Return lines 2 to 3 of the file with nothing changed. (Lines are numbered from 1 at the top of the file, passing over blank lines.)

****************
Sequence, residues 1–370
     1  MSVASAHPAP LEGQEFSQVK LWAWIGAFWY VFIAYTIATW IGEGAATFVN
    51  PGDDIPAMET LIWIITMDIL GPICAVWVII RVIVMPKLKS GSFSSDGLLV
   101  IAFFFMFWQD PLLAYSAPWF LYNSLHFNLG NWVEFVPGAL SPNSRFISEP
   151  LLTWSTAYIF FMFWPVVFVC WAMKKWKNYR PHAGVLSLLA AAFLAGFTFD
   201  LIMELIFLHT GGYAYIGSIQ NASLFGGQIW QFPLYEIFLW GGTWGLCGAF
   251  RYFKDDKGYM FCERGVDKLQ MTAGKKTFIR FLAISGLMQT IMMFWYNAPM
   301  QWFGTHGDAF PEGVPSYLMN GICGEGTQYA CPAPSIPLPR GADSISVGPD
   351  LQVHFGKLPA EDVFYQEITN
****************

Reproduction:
     1  MSVASAHPAP LEGQEFSQVK LWAWIGAFWY VFIAYTIATW IGEGAATFVN
    51  PGDDIPAMET LIWIITMDIL GPICAVWVII RVIVMPKLKS GSFSSDGLLV